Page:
We have a specific process that we follow and our project managers know to not deviate from that process. The process doesn’t change no matter what kind of research we’re doing – it stays the same to make it valid. So, when we get a new project, a project manager prepares and trains the recruiters. We also program a prequalification survey to send to respondents. As an example, let’s say we’re looking for moms with babies in Size 3 diapers. We’ll pull from our database of moms with kids in a certain age category and then we’ll reach out via e-mail with a few short questions. Once we get those results, our recruiters first call those people who we think might be really qualified. On the back end, we’ll have another set of respondents that are already on the phone. Let’s say we don’t have their e-mail address or we don’t know if they have kids but they’re 25 years old and married, so we’ll reach out to these people as well. We get a pen-and-paper screener on them and that goes back to the project manager from the recruiter. Once we’ve ensured accuracy and quality, a confirmation letter is sent to the respondents immediately. It’s important that we contact respondents right away so they don’t experience a gap in communication, so within 24-36 hours we’ll send a confirmation letter out. We then update the client so they can see who we’ve recruited. As we’re nearing the time for the study, the project manager rescreens the respondents to make sure the recruiter did a good job and that the respondents have not changed their answers. And then we’ll make a reminder call to the respondent – an hour before if it’s a video interview and 24 hours before if they’re coming to the facility for in-person. So, we follow a strict process with everything we do; this includes phone-to-web work like CATI/CAPI/PAPI and old-fashioned CATI work.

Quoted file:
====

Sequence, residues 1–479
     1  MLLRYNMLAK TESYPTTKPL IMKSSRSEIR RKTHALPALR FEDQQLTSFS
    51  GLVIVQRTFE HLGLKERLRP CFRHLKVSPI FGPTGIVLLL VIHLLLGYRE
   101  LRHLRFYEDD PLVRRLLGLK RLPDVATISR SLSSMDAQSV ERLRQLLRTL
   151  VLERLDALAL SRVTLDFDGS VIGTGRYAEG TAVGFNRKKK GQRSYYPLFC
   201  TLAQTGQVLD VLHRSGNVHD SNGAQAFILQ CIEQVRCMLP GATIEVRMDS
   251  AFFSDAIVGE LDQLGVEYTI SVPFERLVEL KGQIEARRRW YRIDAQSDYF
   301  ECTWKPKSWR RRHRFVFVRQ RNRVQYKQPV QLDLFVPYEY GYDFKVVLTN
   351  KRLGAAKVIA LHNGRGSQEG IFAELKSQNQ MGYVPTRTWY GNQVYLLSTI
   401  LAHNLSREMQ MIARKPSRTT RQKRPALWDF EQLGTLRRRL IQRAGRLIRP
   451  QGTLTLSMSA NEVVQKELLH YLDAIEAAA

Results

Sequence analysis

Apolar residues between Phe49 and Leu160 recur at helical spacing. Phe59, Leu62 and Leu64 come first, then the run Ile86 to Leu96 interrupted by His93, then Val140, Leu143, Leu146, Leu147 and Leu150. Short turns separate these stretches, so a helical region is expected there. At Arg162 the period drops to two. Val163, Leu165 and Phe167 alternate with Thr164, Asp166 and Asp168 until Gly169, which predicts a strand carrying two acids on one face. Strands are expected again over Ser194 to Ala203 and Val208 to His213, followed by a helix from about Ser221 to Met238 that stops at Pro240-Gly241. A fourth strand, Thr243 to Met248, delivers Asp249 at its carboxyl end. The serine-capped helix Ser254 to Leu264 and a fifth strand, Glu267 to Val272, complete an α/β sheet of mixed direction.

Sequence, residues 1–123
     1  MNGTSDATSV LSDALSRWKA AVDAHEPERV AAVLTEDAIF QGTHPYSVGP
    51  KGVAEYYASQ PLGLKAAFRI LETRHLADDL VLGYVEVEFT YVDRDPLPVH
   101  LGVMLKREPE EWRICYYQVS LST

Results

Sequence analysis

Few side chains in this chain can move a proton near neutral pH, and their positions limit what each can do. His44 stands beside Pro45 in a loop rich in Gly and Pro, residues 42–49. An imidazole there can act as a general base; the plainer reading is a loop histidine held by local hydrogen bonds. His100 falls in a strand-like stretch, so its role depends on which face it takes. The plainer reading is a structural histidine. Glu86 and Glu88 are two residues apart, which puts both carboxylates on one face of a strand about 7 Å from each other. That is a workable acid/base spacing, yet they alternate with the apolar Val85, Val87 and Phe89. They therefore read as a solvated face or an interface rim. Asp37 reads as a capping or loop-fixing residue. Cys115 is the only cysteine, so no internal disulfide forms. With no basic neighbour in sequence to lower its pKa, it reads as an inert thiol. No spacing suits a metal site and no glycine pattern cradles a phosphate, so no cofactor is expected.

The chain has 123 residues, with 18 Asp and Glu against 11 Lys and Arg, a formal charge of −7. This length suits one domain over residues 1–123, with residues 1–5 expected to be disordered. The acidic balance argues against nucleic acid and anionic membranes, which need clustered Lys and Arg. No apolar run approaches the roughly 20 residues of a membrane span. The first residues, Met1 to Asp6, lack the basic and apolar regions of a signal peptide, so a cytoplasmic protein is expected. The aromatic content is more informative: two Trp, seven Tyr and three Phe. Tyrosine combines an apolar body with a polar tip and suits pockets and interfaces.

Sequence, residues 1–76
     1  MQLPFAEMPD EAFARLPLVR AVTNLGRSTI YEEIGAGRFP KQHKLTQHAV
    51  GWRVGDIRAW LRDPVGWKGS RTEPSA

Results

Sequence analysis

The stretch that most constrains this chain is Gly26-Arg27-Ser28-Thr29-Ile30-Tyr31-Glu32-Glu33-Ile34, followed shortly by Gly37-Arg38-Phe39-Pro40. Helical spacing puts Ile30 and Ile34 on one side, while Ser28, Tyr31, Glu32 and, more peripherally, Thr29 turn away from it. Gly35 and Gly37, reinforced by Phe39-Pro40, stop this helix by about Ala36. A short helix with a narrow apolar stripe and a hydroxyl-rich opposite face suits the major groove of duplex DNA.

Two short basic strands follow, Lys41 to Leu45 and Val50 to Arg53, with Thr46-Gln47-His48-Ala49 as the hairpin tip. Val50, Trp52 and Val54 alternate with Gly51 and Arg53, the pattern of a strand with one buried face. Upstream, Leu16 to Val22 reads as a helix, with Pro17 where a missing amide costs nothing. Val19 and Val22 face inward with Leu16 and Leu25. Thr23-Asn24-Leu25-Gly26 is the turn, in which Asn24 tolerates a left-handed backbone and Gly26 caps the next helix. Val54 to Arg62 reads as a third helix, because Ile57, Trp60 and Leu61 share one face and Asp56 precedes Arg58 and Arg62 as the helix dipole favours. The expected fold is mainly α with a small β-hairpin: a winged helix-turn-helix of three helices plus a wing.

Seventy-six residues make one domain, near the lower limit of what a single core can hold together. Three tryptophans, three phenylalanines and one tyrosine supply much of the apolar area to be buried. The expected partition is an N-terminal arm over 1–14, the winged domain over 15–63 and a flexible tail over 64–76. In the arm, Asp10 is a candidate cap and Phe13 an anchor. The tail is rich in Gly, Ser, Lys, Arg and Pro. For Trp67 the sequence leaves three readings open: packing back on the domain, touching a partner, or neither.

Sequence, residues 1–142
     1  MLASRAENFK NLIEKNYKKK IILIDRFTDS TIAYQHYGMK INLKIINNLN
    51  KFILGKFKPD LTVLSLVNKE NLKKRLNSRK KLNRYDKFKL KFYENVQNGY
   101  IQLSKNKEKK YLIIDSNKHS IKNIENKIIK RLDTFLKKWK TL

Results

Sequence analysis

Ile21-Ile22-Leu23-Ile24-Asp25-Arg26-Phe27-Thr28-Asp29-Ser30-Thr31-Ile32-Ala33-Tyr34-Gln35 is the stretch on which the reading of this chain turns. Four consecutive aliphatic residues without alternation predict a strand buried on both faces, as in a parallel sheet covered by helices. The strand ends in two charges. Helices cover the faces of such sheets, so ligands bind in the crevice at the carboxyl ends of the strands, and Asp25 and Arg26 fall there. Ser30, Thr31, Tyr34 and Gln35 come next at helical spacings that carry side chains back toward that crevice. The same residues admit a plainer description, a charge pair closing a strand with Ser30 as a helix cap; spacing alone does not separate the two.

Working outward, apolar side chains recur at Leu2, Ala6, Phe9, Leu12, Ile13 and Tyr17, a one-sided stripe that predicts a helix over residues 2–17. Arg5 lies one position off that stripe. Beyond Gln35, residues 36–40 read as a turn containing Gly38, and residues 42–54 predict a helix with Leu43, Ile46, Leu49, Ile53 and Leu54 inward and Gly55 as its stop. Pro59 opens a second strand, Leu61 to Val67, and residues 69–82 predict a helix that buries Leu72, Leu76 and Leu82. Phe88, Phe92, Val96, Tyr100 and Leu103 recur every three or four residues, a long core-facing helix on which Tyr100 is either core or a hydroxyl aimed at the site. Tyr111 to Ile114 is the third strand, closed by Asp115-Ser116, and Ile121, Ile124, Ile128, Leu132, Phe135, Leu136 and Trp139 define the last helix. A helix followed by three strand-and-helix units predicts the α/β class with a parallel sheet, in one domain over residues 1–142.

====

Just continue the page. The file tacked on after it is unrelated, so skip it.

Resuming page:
What sets Murray Hill National apart from other recruiters?
First and foremost – we’re national. Our vice presidents, project team and recruiters are highly experienced and have a lot of longevity with the company. We follow a strict process and, in order to ensure quality results, we don’t deviate from it. As the pandemic has highlighted, we have the ability to shift work from the office to at-home quickly so that regardless of the circumstances we can stay on track. Additionally, we can recruit all audiences such as consumers, B2B and health care, including patients. These qualities combined set us apart from other recruiters.
The core of this business is recruiting – all methodologies and all audience types. At Murray Hill, something that we’ve become experts at is product placement. For this work, the client sends the product to our offices and we have an assembly line where we package the product and send it back out. If there’s a need for us to get the unused or used product back, we include a self-addressed box with the product when we ship it out and then the participants can return it to us. We can handle all facets of the process for clients – we screen and qualify the participants and we also take care of the shipping and return of the product.